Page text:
A good mid-height plant, it’s easy to combine with other perennial plants for pots. They're also easy to care for and will grow happily as window box plants and are very adaptable to sunny or light shady locations.

It needs a top up of mulch in spring, around the base of the plant and just a light trim over winter to encourage new growth in the spring. Like all salvias, it’s a great bee-friendly plant.

9. Sedum Sunsparkler series ‘Lime Zinger’

Sedum 'Lime Zinger' Sunsparkler series

(Image credit: Mike Jarman/Alamy Stock Photo)
  • Hardiness: USDA 4-9
  • Height: 6in (15cm)
  • Spread: 18in (45cm)

The Sunsparkler group of hylotelephium plants is great for sunny containers, growing in dense leafy mats that make a great foil for taller plants through the summer. 

The lime green of this cultivar is good for contrast with the rich maroon tones of the salvia and verbena. Typically hylotelephium flowers appear in the late summer garden bringing in the bees. 

It’s a great drought tolerant plant, so very easy to care for and prefers full sun but will tolerate light shade too. It will die back completely over winter. 

10. Verbena officinalis var. grandiflora ‘Bampton’

Verbena officinalis var. grandiflora ‘Bampton’

(Image credit: RM Floral / Alamy Stock Photo)
  • Hardiness: USDA 4-8
  • Height: 3.2ft (1m)
  • Spread: 2.4ft (75cm)

Great for bringing some natural, ethereal, airy height to pots, the dark stems of this relatively new variety, topped with tiny bright pink flowers, keeps the interest through the height of summer. 

Drought tolerant and not fussy about soils, this is a very low maintenance plant. The summer growth needs cutting back the following spring when young new shoots first appear, and mulching in fall will give the plant a bit of protection over winter. 

11. Sanguisorba tanna

Sanguisorba tanna

(Image credit: Andrew Kearton / Alamy Stock Photo)
  • Hardiness: USDA 4-8
  • Height: 24in (60cm)
  • Spread: 18in (45cm)

The distinctive dark red pompom flowers of this burnet have a long season right through into fall and the blueish-gray foliage is equally attractive and good for adding a contrasting texture and color.  

This is a compact sanguisorba, spreading slowly, so it makes a good perennial for larger containers. It does best in soil that doesn’t dry out, so make sure your container has a good balance of topsoil and compost and keep well watered. 

12. Stipa tenuissima

Stipa tenuissima

(Image credit: joan gravell / Alamy Stock Photo)
  • Hardiness: USDA 7-11
  • Height: 24in (60cm)
  • Spread: 12in (30cm)

This soft and wispy grass adds movement and texture to your container display. It’s a semi-evergreen grass, that works well with flowering perennials and looks better planted in multiples of three, so choose a big enough container to accommodate a generous number of plants. 

The golden, feathery foliage of this type of ornamental grass will look good until late summer and into winter and needs a light comb through to tidy up the old growth in spring. 

13. Erigeron karvinskianus

Erigeron karvinskianus

(Image credit: Clare Gainey / Alamy Stock Photo)
  • Hardiness: USDA 6-9
  • Height: 12in (30cm)
  • Spread: 36in (90cm)

With a long flowering period, from mid spring to mid fall, the Mexican fleabane is a great-value plant, producing a profusion of typical daisy flowers, tinged with pink. It’s perfect for spilling over the sides of containers and completing your meadowy, wild look. 

It’s very drought tolerant and copes in most soils and part shade, and while it looks great solo, it’s a good companion for taller grasses and flowering perennials and it's loved by bees, making it one of the best plants for pollinators too. 

14. Astrantia major ‘Large White’

Astrantia major ‘Large White’

(Image credit: Harry Child / Alamy Stock Photo)
  • Hardiness: USDA 5-8
  • Height: 36in (90cm)
  • Spread: 18in (45cm)

With flowers from the start of summer, this white-and-green-flowered masterwort is a great mid-height perennial for pots and good for cutting too. It looks good even when the blooms have faded and tolerates sun and shade, providing the soil is kept moist.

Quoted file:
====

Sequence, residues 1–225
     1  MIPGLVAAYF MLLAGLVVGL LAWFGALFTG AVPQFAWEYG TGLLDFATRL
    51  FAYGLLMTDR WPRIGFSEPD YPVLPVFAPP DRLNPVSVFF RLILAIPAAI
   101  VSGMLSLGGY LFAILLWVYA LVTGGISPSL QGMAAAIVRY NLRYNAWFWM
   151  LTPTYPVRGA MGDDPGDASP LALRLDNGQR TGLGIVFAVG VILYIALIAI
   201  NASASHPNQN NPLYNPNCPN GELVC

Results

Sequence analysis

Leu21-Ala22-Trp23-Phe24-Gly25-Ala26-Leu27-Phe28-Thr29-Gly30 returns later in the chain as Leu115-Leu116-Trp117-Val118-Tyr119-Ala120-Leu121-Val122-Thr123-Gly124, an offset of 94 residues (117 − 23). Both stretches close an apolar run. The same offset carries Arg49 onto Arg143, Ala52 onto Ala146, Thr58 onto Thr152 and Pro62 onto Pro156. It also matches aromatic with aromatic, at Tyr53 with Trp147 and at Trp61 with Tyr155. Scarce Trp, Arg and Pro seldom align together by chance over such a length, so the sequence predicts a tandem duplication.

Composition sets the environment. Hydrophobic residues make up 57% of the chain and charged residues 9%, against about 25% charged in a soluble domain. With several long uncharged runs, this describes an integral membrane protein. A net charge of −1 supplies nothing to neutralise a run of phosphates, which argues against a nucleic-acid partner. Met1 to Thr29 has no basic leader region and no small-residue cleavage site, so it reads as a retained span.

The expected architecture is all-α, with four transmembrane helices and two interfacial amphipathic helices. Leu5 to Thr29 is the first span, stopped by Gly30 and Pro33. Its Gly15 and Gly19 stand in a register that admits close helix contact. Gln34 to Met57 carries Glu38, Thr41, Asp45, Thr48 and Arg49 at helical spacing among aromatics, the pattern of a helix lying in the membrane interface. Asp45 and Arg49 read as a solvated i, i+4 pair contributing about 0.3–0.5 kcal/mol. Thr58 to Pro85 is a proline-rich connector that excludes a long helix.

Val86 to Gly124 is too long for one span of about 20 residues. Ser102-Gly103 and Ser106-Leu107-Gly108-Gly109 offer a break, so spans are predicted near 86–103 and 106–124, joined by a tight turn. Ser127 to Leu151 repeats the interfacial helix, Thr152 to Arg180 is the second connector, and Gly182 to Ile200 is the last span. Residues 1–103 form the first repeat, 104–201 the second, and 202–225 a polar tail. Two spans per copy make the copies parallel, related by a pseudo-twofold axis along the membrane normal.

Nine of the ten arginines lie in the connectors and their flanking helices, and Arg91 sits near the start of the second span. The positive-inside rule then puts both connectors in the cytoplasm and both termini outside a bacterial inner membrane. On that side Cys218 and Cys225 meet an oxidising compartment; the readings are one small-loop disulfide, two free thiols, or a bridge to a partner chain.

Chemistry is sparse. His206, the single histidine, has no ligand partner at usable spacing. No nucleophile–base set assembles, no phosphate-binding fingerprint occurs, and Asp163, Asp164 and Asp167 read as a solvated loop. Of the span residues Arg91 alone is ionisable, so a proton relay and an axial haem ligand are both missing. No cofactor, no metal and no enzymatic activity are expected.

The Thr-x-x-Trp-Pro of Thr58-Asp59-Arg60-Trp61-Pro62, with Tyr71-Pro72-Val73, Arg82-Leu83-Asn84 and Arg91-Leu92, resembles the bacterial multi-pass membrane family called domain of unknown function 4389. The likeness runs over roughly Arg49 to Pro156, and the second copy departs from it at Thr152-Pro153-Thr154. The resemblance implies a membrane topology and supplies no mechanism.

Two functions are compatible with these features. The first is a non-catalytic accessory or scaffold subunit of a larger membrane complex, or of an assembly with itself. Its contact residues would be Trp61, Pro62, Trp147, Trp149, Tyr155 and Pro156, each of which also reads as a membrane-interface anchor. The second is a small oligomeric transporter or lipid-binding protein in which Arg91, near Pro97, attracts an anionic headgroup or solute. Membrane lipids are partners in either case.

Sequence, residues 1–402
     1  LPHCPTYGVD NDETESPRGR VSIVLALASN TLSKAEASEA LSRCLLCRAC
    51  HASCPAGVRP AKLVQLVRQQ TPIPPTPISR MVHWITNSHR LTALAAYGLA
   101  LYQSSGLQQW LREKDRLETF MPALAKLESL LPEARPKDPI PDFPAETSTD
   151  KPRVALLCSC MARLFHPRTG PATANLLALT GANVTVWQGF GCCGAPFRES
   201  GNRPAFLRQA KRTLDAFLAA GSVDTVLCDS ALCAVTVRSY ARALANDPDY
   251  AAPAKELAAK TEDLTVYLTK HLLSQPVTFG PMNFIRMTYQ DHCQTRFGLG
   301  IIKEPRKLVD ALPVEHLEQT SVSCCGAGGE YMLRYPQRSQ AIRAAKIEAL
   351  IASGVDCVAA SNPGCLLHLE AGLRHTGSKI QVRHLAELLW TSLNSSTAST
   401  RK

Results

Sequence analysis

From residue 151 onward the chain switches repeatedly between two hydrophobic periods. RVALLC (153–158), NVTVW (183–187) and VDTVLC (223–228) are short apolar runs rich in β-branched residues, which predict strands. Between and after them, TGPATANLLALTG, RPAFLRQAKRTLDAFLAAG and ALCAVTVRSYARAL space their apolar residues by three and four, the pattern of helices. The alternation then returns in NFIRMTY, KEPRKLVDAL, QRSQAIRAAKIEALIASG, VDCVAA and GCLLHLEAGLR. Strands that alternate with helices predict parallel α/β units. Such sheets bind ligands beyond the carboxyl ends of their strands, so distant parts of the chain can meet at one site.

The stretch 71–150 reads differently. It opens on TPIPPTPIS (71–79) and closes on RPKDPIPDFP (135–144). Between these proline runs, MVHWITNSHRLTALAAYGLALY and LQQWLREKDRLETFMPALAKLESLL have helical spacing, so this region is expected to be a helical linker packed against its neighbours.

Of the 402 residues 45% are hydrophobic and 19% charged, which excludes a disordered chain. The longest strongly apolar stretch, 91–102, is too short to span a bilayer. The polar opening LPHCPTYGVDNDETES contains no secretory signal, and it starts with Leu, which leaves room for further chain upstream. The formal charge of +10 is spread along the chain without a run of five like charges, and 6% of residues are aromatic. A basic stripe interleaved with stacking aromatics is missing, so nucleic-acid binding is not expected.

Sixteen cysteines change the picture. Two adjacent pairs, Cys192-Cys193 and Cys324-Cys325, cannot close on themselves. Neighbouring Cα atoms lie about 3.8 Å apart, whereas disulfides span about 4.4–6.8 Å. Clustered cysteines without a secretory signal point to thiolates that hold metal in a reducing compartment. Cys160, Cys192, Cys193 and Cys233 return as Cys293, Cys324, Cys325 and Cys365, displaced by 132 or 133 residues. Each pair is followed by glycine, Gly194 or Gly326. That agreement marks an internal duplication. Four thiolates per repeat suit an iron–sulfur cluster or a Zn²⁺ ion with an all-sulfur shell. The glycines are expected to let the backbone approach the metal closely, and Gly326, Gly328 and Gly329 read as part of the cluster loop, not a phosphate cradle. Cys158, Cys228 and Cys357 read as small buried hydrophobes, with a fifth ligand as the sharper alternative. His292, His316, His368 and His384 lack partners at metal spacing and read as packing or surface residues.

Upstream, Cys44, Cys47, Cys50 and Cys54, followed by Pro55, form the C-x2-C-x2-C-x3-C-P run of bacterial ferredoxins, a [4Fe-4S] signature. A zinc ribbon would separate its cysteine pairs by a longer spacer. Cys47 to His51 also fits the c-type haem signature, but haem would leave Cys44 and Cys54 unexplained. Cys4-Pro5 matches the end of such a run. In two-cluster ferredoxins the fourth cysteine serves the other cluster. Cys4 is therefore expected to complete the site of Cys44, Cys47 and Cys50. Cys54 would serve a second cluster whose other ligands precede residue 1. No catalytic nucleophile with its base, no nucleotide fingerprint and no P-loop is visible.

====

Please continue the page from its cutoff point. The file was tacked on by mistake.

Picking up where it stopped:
So, choose a larger container, add a generous portion of organic matter and topsoil to the planting mix and don’t let it dry out. It will need cutting back over winter and a spring mulching. 

15. Geranium ‘Dreamland’ (‘Bremdream’)

Geranium ‘Dreamland’

(Image credit: Plantipp.eu)
  • Hardiness: USDA 5-9
  • Height: 15in (40cm)
  • Spread: 15in (40cm)

This spreading, mat-forming hardy geranium has attractive foliage and pale pink flowers that keep coming right through the summer and with its loose habit, it’s great for softening the edges of containers. 

Good for the low-growing part of this combination, the pale flowers would complement taller astrantia and penstemon varieties. Remove spent flowers to keep it looking its best, but otherwise it’s very fuss-free and easy to grow. It will die back completely over winter. 

16. Penstemon 'Hidcote Pink'

Penstemon 'Hidcote Pink'

(Image credit: P Tomlins / Alamy Stock Photo)
  • Hardiness: USDA 7-10
  • Height: 36in (90cm)
  • Spread: 36in (90cm)

Great for adding a taller, vertical accent to planting combinations, with its elegant spires of foxglove-like tubular blooms, the striking pink flowers will keep going right through the summer until fall. 

Good for full sun to part shade, when growing in containers, make sure there is plenty of drainage. A tough perennial, there’s no need to add any plant food through the summer. 

What perennials grow best in containers?

Most perennials can be grown successfully in containers, providing you pay attention to the right plant, right place guidance, just as you would with planting in a garden border. Make sure you consider your aspect too. 

Soil types can be modified by choosing the right compost mix and you can add extra grit for drainage, or well-rotted organic matter and topsoil to help retain moisture, depending on the plant’s requirements. 

hands planting up some perennial plants in containers

Site your container in the correct aspect for success

(Image credit: Future)

Can perennials survive winter in pots?

The best perennial plants for pots will cope with cold winter conditions but might need added protection in extreme temperatures. You can achieve this with a good, thick mulch in fall; or by bringing them in to a sheltered area while plants are dormant. 

Alternatively, to protect plants from frost you could insulate pots with thick hessian cloth or bubble wrap if the forecast stays below freezing for a longer amount of time.

If you want more cold-hardy options, the best winter plants for pots will ensure your container planting schemes can endure the cooler temperatures.